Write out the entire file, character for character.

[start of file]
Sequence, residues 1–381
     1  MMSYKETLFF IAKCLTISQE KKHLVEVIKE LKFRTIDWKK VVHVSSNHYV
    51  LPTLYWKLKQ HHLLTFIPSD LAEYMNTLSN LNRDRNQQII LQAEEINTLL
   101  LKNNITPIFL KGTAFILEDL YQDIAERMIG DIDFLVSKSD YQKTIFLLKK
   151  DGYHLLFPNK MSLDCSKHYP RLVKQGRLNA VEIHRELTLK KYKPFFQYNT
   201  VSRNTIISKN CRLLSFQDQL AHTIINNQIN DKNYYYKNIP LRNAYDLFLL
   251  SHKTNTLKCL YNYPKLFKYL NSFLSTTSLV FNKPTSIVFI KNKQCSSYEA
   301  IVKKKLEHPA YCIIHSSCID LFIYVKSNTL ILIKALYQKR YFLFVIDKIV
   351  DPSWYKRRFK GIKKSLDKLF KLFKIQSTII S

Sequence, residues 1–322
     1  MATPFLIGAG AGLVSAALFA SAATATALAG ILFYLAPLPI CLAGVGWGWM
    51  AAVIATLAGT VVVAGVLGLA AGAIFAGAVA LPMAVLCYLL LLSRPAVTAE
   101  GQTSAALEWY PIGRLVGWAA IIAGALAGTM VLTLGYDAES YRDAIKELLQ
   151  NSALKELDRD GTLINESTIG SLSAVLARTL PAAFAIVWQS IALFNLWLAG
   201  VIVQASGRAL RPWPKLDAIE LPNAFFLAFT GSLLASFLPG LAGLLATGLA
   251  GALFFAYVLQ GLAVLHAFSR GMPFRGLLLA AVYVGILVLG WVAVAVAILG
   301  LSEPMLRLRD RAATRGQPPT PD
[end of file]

Sequence, residues 1–381
     1  MMSYKETLFF IAKCLTISQE KKHLVEVIKE LKFRTIDWKK VVHVSSNHYV
    51  LPTLYWKLKQ HHLLTFIPSD LAEYMNTLSN LNRDRNQQII LQAEEINTLL
   101  LKNNITPIFL KGTAFILEDL YQDIAERMIG DIDFLVSKSD YQKTIFLLKK
   151  DGYHLLFPNK MSLDCSKHYP RLVKQGRLNA VEIHRELTLK KYKPFFQYNT
   201  VSRNTIISKN CRLLSFQDQL AHTIINNQIN DKNYYYKNIP LRNAYDLFLL
   251  SHKTNTLKCL YNYPKLFKYL NSFLSTTSLV FNKPTSIVFI KNKQCSSYEA
   301  IVKKKLEHPA YCIIHSSCID LFIYVKSNTL ILIKALYQKR YFLFVIDKIV
   351  DPSWYKRRFK GIKKSLDKLF KLFKIQSTII S

Sequence, residues 1–322
     1  MATPFLIGAG AGLVSAALFA SAATATALAG ILFYLAPLPI CLAGVGWGWM
    51  AAVIATLAGT VVVAGVLGLA AGAIFAGAVA LPMAVLCYLL LLSRPAVTAE
   101  GQTSAALEWY PIGRLVGWAA IIAGALAGTM VLTLGYDAES YRDAIKELLQ
   151  NSALKELDRD GTLINESTIG SLSAVLARTL PAAFAIVWQS IALFNLWLAG
   201  VIVQASGRAL RPWPKLDAIE LPNAFFLAFT GSLLASFLPG LAGLLATGLA
   251  GALFFAYVLQ GLAVLHAFSR GMPFRGLLLA AVYVGILVLG WVAVAVAILG
   301  LSEPMLRLRD RAATRGQPPT PD